Welcome to the Weed Program homepage!
County weed worker treating Scotch broom near Coldwater Lake, Mt. St. Helens
News from the Weed World
2013 Programmatic Report The Skamania County Noxious Weed Program works hard to protect land and ecosystems throughout the County. Please have a look at what our staff accomplished last year in our fact sheet or full annual report. Thank you to our Commissioners, Board, staff, and citizens of Skamania County. We’re all looking forward to accomplishing even more in 2014.
Columbia Gorge CWMA featured on Oregon Field Guide! The Columbia Gorge is everyone’s favorite playground. But recreational use brings in noxious weeds that crowd out native species and upset the area’s ecological balance. Oregon Field Guide took a look at the challenges state agencies, land managers and non-profit groups face in trying to control the influx of these invasive “game-changers” and their efforts to coordinate these efforts. Skamania County is a participating member of the Cooperative Weed Management Area (CWMA). To view the episode go to: http://www.opb.org/programs/ofg/segments/view/1836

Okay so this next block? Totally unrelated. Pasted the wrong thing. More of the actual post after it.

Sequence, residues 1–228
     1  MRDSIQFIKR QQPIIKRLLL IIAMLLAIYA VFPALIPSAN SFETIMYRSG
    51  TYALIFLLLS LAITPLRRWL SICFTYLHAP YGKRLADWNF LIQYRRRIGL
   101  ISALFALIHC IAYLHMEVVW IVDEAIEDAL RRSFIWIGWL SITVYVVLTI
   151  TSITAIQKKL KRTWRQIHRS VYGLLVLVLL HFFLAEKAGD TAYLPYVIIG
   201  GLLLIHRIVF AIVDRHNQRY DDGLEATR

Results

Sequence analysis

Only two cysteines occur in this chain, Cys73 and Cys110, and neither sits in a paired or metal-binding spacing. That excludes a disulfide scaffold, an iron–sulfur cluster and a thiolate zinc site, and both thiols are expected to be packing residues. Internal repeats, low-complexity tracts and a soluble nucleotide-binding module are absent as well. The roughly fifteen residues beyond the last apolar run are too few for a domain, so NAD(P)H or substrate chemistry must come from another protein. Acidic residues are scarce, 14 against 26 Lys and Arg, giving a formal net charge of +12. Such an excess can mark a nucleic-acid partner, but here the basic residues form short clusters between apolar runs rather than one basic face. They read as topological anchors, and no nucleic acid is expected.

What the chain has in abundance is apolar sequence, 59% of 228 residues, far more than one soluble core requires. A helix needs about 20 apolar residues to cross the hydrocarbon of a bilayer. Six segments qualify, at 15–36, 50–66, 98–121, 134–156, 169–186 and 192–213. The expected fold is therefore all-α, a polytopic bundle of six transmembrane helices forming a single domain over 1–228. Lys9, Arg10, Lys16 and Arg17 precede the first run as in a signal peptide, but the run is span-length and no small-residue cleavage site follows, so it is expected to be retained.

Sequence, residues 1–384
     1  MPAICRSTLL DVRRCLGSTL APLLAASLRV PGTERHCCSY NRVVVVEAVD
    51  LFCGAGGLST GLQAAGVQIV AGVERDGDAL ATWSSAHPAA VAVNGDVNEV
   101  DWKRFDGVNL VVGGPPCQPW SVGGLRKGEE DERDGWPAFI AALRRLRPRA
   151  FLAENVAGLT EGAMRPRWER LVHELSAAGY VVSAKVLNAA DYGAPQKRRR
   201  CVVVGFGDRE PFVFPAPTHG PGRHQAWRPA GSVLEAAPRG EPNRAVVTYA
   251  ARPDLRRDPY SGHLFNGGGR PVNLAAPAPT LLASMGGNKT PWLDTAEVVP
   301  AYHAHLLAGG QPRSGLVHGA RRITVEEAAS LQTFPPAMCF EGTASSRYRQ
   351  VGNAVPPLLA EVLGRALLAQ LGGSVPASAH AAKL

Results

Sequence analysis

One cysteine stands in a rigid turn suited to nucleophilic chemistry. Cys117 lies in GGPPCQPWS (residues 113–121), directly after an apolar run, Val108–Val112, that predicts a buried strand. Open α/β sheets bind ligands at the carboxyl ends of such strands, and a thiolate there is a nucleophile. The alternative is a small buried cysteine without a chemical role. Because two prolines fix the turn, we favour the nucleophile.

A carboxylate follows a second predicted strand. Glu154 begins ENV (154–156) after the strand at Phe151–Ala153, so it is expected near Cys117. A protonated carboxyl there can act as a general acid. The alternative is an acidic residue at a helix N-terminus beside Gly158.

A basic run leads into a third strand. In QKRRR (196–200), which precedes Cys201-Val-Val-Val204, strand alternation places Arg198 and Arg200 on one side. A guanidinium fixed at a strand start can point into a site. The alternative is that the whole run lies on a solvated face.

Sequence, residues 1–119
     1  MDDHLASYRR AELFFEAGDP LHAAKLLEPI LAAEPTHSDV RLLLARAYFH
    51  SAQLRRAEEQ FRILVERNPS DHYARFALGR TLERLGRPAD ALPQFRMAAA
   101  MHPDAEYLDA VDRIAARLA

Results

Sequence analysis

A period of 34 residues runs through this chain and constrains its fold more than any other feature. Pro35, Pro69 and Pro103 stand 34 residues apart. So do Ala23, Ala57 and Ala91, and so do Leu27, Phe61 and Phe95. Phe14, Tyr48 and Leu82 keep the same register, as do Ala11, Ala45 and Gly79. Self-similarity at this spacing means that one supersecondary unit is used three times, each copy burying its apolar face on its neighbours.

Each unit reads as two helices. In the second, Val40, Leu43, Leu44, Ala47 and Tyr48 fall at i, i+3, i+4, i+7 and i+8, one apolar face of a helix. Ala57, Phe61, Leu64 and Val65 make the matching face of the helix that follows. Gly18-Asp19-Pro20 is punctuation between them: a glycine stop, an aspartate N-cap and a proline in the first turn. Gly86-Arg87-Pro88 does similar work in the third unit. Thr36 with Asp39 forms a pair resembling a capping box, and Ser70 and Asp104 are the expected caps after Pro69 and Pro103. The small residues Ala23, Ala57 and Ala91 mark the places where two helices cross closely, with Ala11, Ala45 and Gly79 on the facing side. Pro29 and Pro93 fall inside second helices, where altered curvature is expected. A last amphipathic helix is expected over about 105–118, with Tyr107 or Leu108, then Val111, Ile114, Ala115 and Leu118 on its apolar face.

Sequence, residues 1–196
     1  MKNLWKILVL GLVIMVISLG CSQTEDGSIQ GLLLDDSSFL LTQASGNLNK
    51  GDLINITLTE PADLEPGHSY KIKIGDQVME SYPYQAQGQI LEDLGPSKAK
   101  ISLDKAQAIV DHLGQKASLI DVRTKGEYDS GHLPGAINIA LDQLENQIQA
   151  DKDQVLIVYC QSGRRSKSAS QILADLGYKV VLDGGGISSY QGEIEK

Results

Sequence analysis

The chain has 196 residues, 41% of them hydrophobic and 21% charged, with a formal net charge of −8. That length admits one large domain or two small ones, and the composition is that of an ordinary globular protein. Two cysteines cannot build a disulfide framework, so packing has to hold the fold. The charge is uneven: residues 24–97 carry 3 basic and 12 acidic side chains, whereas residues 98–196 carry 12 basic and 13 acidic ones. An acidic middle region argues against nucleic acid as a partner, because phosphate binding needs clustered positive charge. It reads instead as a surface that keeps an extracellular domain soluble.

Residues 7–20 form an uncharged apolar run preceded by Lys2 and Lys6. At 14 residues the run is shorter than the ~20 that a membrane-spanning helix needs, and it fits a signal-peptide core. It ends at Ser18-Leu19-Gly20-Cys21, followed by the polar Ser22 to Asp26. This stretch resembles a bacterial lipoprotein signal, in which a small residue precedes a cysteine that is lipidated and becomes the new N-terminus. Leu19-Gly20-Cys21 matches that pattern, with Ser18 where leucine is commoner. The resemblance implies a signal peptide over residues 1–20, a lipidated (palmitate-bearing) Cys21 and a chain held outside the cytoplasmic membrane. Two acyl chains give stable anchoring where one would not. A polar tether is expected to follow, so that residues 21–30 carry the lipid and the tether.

Take action and get involved! The Skamania County Noxious Weed Control Program has many activities throughout the year in which you could be involved. Activities range from weed identification and mapping courses, to herbicide workshops and habitat enhancement/conservation work parties. Please email email@example.com if you’d like to become involved and let us know your interests so that we can tailor our events to you!
Study reveals that logging debris suppresses development of… Scotch broom Researchers conducted studies in which different methods of removing logging debris and their effects on the 5-year survival and growth of planted Douglas-fir seedlings at logging sites near Matlock, Washington and Mollalla, Oregon. Among other things, invasive plants such as Scotch broom and Himalayan blackberry were the first colonizers in areas where debris were burned or removed. Also, seedling survival decreased as much as 30%. In the areas where debris were dispersed and not piled or removed, survivability was higher and invasives were less present. For more information, please reference the full article here.